Old Glory returns to Hampshire College

Printed from: http://newbostonpost.com/2016/12/02/old-glory-returns-to-hampshire-college/

 

AMHERST — The American flag once again flew over the Hampshire College campus on Friday morning, as school administrators led by President Jonathan Lash walked back a decision to have it removed in the wake of Republican Donald Trump’s win in the presidential election.

“This morning we raised the United States flag to full staff at Hampshire College after a two-week discussion period about what the flag means to members of the Hampshire community,” Lash said in a prepared statement. “We did not lower the flag to make a political statement, nor did we intend to cause offense to veterans, military families or others for whom the flag represents service and sacrifice.

“We acted solely to facilitate much-needed dialogue on our campus about how to dismantle the bigotry that is prevalent in our society.”

Lash in his statement neglected to note that the flag was not simply lowered, but rather removed, on Nov. 18, sparking veterans and others to hold demonstrations last Sunday. The protests were led in part by state Rep. John Velis (R-Westfield),  a veteran who served in Afghanistan.

Days later, Lash was prompted to call the Amherst Police Department after Jesse Watters of Fox News attempted to ask him questions during an impromptu visit to Lash’s home, one in which video footage appears to show Watters holding his foot against Lash’s front door, preventing the college president from closing it.

The college released a statement following the brouhaha, claiming that Watters “tried to prevent the president of the college from entering his private home.”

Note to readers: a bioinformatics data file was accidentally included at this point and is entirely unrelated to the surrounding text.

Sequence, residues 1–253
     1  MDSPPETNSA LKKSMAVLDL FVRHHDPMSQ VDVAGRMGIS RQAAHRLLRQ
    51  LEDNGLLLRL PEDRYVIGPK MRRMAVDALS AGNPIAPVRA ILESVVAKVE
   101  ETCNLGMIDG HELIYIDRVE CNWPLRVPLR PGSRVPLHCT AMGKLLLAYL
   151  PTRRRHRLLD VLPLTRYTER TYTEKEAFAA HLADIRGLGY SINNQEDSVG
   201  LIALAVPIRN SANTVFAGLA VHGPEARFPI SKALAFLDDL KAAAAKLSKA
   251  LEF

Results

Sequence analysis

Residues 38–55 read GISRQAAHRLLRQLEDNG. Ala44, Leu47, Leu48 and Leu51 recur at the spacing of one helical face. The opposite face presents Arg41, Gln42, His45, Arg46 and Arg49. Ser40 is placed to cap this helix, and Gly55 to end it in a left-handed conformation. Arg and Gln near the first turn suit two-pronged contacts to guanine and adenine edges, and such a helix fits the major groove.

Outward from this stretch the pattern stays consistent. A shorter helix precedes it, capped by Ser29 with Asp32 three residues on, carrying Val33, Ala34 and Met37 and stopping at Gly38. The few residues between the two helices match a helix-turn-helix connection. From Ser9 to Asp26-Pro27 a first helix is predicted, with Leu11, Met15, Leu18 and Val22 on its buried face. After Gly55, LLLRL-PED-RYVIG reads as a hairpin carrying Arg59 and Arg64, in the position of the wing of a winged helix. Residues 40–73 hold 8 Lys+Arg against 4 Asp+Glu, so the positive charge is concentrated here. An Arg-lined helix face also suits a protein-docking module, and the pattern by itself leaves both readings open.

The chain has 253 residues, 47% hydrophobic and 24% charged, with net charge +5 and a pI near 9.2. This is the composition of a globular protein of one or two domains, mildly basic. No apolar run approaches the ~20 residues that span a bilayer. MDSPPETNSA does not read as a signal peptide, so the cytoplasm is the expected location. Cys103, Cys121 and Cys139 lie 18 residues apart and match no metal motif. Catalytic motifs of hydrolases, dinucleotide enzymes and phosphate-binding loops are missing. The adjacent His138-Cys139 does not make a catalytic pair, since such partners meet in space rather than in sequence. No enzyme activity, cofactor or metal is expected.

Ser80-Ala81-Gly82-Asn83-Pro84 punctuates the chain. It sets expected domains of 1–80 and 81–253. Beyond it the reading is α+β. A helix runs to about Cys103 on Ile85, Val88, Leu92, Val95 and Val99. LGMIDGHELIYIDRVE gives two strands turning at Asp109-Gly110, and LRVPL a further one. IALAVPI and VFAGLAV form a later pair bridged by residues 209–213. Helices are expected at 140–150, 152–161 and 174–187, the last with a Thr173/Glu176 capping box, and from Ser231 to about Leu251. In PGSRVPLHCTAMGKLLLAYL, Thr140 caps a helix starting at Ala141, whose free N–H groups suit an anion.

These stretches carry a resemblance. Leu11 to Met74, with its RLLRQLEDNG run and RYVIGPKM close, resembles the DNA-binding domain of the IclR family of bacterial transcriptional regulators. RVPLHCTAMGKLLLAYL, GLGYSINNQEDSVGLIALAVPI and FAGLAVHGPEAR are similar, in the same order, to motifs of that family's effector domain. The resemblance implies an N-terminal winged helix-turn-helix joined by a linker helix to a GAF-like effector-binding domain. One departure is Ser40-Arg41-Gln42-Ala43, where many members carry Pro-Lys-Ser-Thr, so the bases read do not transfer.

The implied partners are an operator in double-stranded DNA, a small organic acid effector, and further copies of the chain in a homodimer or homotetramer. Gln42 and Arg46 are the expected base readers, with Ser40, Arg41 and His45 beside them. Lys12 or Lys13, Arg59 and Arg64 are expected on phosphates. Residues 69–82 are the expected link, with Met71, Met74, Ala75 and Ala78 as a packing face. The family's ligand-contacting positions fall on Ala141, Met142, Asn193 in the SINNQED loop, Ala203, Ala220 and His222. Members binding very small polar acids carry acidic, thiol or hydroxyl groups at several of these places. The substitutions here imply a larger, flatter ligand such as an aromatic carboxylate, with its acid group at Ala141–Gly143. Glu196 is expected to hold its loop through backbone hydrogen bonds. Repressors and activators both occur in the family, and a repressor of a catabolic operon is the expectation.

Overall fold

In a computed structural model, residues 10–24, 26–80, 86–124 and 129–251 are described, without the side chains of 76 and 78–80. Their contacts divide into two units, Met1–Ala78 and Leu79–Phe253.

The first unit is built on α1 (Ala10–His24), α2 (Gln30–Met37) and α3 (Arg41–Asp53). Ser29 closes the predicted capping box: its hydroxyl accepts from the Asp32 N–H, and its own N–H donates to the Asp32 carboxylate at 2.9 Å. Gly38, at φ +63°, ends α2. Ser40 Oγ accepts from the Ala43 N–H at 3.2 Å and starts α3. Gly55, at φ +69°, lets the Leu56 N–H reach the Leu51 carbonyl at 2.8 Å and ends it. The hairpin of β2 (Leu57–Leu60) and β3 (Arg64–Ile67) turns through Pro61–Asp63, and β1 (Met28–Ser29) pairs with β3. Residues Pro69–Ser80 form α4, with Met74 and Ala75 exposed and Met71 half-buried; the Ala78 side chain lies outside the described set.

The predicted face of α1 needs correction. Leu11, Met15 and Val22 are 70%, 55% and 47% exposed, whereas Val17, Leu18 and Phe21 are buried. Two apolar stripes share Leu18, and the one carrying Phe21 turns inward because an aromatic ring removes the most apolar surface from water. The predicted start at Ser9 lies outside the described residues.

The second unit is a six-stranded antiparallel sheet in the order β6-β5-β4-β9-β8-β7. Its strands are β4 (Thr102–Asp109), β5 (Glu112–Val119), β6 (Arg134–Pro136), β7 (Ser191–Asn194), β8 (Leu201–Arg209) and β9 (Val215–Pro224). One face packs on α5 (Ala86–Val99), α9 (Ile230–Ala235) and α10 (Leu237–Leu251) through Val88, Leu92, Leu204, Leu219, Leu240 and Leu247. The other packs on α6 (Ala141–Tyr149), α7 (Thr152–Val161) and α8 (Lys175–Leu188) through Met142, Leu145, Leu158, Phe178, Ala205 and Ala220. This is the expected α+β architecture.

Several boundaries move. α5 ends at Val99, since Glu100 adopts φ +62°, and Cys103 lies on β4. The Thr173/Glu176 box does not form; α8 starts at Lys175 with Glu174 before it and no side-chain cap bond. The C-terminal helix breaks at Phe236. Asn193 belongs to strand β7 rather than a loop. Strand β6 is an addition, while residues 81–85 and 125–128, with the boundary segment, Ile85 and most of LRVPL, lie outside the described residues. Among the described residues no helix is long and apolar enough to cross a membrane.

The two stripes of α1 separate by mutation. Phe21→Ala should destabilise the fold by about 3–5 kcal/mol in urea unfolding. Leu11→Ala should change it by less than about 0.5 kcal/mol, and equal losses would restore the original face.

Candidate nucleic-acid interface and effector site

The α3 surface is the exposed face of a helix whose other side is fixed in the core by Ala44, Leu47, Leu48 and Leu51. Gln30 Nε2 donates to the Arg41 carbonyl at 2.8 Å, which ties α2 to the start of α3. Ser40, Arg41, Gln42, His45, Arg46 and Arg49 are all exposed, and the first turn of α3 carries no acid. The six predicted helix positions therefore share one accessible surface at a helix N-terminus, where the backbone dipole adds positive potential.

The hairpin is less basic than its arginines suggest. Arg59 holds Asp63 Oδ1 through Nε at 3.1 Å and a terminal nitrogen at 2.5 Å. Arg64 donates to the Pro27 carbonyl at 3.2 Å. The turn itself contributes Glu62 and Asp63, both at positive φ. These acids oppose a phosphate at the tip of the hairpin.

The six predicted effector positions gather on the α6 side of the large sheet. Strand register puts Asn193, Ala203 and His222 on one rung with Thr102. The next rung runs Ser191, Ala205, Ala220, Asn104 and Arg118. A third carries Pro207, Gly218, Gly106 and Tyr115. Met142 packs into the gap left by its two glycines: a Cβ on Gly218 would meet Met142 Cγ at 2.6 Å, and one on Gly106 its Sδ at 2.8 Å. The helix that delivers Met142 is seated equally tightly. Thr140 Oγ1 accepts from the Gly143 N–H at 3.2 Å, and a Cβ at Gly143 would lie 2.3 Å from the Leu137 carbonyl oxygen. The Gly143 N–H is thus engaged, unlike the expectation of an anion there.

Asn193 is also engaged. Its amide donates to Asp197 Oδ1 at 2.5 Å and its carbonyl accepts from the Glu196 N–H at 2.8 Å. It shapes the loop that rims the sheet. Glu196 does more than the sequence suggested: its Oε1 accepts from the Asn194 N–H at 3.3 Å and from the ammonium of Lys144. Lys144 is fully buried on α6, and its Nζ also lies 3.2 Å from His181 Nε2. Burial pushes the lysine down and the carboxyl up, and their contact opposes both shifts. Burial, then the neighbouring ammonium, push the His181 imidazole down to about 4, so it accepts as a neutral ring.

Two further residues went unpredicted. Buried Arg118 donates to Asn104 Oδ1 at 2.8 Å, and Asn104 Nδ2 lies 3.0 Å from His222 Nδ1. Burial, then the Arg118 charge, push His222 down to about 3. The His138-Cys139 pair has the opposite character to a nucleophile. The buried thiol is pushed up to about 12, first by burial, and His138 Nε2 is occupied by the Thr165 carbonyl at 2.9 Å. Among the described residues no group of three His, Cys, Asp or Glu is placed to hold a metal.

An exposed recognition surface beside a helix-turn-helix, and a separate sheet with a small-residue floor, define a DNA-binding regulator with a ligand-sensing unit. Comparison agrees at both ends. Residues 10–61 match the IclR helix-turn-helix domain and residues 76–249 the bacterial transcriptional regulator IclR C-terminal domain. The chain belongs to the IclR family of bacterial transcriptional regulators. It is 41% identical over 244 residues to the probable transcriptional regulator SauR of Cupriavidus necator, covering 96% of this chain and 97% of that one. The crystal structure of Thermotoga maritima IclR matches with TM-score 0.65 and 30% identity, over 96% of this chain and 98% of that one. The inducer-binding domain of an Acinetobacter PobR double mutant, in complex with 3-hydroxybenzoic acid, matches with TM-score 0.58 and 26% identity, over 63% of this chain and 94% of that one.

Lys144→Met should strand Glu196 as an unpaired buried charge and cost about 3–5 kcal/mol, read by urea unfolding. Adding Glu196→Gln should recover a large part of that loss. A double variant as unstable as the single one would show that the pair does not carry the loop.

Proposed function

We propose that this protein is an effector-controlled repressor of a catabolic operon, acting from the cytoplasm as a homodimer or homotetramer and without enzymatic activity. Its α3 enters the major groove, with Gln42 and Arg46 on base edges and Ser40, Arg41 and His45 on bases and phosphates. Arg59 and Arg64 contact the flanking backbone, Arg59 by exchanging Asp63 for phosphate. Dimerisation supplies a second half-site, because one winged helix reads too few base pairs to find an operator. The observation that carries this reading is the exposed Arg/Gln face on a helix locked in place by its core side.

Lash later banned outside protesters from entering the privately-run campus and directed students not to speak to members of the media.  

In his statement Friday, Lash described the dialogue held on campus thus far as “the first step of the process” and added that faculty and staff and facilitated “multiple discussions” and “focus group sessions.”

“This is what free speech looks like,” Lash noted. “We believe in it, we will continue this work on campus, and we will continue to looks for ways to engage with our neighbors in the wider community.”

A timeline of flag-related events posted on Hampshire College’s website explains that the initial Nov. 9 flag-lowering was performed by students as a “reaction to the toxic tone of the months-long election and the escalating number of news reports from across the country over recent months and years of hate speech, harassment, and violence against people of color, immigrants, international citizens, and Muslims.”

According to the official timeline, college administrators allowed the flag to fly at half-staff on Nov. 10 “to honor the students’ expression and to facilitate a campus dialogue.” That night, however, unknown individuals lowered and burned the flag. Hampshire College officials said an investigation is ongoing and could not confirm whether the burning was carried out by students.

The flag returned the following day to honor Veterans Day and later continued to fly at half-staff. On Nov. 18 Lash sent out a campus-wide email “communicating the college’s regret at having flown the flag at half-staff and causing unintentional distress, especially to veterans.”

Yet instead of returning it to fly at full staff, administrators led by Lash elected to remove the flag altogether “for a period of time to facilitate a campus dialogue.”

Lash at the time denied that the decision to lower the flag was not intended to serve as a commentary on the results of the presidential election.